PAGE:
IT through the years

Firms can grow out of their technology like they do their office space. Selecting the right solution for each era of growth requires asking all the right questions.

A young partner at a venerable private equity firm recalls an incident when he and several of his peers were thumbing away at their Blackberries outside the hotel during a conference. One of the firm's senior partners, still slim and hearty in his seventies, watched them like they were skateboarding on his front porch. ?You know, you should get one of these,? the thirtysomething said. ?Now why would I want to do that? This is all I've needed for decades,? the older partner replied, waving a pocket-sized memo book. ?And best of all, when I drop it, it doesn't break.? The ?youth? chuckled and promptly returned to thumbing another email.

Change happens. The attitude of a fledgling upstart firm isn't the same as its brethren hustling for their seventh fund. Neither are their IT needs. Because the transition from rookie to veteran rarely goes as planned, the technology solutions need to be just as nimble as the rest of their operation.

However, there are some rough guidelines for building IT capabilities as a firm moves from one fund to the next. The first fund is often the leanest, and most firms choose to outsource all their IT needs to a consultant, though the right fit may take some rigor to find. By the second or third fund a CFO is brought aboard, and IT is a common issue for him or her to manage, even if that means simply negotiating the consultants' contract. At some point, the firm's internal staff grows to a size that requires someone in-house to manage the IT program on a daily basis. The last stage is appointing a full-fledged chief information officer who not only manages IT for the firm but addresses technology integration and improvements across the portfolio.

Out of the gate
Raising the first fund, with its uncertainty and threadbare budget, can be nerve-racking. There is the temptation to leave IT for later in the life of the fund, and trust the partners to tackle any complications themselves. Some firms have a partner whose tech savvy might be of use, but fixing that crashing PC robs time from due diligence or meeting investment bankers. At this point, the question is less one of strategy, than of insurance. How many computers can go down before it starts to hurt the bottom line? What if they all go down in the midst of an auction?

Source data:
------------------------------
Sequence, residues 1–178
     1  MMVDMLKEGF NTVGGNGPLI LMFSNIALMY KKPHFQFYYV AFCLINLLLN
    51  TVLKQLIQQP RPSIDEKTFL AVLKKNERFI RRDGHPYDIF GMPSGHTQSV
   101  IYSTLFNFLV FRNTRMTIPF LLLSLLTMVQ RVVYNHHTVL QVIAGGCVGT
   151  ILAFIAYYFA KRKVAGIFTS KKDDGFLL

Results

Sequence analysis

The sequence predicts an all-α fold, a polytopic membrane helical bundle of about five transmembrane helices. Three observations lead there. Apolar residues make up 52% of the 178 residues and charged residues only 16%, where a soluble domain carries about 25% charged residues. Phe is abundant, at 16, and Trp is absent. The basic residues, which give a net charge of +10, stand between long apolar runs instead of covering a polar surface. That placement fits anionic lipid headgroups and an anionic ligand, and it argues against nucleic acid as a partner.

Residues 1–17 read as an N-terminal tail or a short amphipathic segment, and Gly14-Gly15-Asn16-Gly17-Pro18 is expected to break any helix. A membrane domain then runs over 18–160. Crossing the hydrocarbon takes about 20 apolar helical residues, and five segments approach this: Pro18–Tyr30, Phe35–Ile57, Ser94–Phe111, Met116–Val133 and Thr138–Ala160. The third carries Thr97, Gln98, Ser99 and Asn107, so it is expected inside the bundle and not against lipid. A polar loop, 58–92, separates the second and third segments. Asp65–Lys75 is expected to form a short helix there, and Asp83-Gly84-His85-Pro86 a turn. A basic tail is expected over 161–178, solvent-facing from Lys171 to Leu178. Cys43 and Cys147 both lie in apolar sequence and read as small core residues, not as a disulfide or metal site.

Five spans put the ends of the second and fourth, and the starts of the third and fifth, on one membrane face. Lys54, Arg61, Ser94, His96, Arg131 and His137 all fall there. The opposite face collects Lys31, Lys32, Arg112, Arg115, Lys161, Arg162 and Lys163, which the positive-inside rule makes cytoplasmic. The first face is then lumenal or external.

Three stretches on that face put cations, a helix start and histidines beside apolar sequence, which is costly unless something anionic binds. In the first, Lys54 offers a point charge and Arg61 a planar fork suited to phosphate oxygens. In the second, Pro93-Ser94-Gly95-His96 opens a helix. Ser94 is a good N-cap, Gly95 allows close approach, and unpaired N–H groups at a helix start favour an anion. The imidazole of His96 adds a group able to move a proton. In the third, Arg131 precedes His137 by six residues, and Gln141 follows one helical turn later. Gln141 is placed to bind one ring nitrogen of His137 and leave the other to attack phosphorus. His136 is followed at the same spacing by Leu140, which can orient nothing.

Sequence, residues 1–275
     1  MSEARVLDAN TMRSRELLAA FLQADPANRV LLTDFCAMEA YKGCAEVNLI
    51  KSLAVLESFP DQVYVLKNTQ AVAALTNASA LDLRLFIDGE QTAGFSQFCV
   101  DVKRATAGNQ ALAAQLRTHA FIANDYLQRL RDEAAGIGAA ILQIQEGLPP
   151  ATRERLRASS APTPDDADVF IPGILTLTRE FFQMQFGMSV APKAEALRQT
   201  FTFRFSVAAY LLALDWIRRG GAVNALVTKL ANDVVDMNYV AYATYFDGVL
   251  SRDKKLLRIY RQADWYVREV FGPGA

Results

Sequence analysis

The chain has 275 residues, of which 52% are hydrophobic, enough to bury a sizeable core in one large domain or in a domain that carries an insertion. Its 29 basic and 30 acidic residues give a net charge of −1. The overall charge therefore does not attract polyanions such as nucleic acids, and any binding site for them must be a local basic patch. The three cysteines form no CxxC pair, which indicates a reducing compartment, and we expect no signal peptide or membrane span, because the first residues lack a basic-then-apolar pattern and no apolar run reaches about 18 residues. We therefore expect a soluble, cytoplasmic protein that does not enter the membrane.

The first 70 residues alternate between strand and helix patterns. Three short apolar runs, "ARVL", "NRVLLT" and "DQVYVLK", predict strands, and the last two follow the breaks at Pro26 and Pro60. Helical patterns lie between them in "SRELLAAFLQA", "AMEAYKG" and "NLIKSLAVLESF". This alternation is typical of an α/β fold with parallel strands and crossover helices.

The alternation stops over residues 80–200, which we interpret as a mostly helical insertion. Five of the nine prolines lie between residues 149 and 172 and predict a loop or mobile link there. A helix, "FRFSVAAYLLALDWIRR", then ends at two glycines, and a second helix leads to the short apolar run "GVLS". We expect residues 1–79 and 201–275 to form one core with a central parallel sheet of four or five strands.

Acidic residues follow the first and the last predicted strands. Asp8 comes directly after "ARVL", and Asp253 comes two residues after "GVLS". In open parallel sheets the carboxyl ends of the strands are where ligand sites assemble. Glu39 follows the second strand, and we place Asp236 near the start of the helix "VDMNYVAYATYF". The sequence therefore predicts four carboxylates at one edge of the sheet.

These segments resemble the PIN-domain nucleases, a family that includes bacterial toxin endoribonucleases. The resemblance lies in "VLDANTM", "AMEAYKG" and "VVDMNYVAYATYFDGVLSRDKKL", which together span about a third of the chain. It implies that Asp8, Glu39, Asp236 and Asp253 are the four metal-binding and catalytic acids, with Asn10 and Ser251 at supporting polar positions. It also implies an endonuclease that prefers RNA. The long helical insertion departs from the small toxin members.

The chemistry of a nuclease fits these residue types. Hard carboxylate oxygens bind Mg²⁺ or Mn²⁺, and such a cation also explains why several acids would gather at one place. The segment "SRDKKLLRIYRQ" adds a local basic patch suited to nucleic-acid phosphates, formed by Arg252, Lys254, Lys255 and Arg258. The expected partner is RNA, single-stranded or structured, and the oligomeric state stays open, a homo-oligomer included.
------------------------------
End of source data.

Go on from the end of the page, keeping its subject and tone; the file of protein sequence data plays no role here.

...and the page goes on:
The right IT consultant can allay that worry, and service contracts can be tailored extensively to match the firm's level of need. Consultants can build the initial infrastructure of the firm's IT or merely troubleshoot. But outsourcing IT doesn't mean that it is out of sight or out of mind. Mark Weinstein, VP of IT for Boston-based Charles River Ventures says, ?Consultant invoices need to be reviewed, and the relationship needs to be managed.? And the crux of the relationship at this phase is usually response time when things go awry.

Firms should have a frank conversation when sourcing consultants. Some questions they must ask include ?What will be the response time?? 'How long will a partner have to wait when they call to say their computer is down?' One in-house IT expert with a consultant background said that six hours is a fairly rapid response. Those six hours are to arrive at the location, not to fix the problem. Whether private equity partners can wait that long, however, is a different matter.

The other issue with consultants, especially those building IT systems from scratch, is their lack of familiarity with the private equity business. One CIO finds consultants tend to over-design the system with bells and whistles to err on the side of reliability. The catch-22 of this situation is that a consultant with other private equity clients will tend to be a more established provider, complete with fees commensurate with their experience. A younger firm may undercharge in service fees, but produce a more expensive solution, which in the end may be an asset. A muscle car's engine housed in a Honda can still purr.

Matching DNA
Sometimes the best match for an IT provider is one that resembles the debut fund. A small, newly founded IT service with a few experienced professionals can blend the insights of a veteran at reasonable prices. They may have no collective track record, but individually they may have some notable names on their resume. Sound familiar? It should.

The next upgrade for a fund may not concern anything related to technology. The second or third fund prompts many firms to search for their own chief financial officers. ?The CFO often doubles as head of IT at this point,? says Sam Tang of Newport Beach, CA-based Montauk TriGuard Management. A CFO's previous experience with IT budgeting adds greater rigor to invoicing, which can help steer changes to the service contract as the firm adds staff and other offices. As that fund moves into fourth and fifth funds, when exactly should a firm invest in an in-house IT professional?

When every second counts
A partner's time is always tight. When the firm matures, the partner starts juggling an increasing number of funds, with investments to manage in each. That sluggish or crashing PC that was a nuisance in the beginning can allow workload to snowball across several investments. Time is money, and time gets more expensive as a firm ages.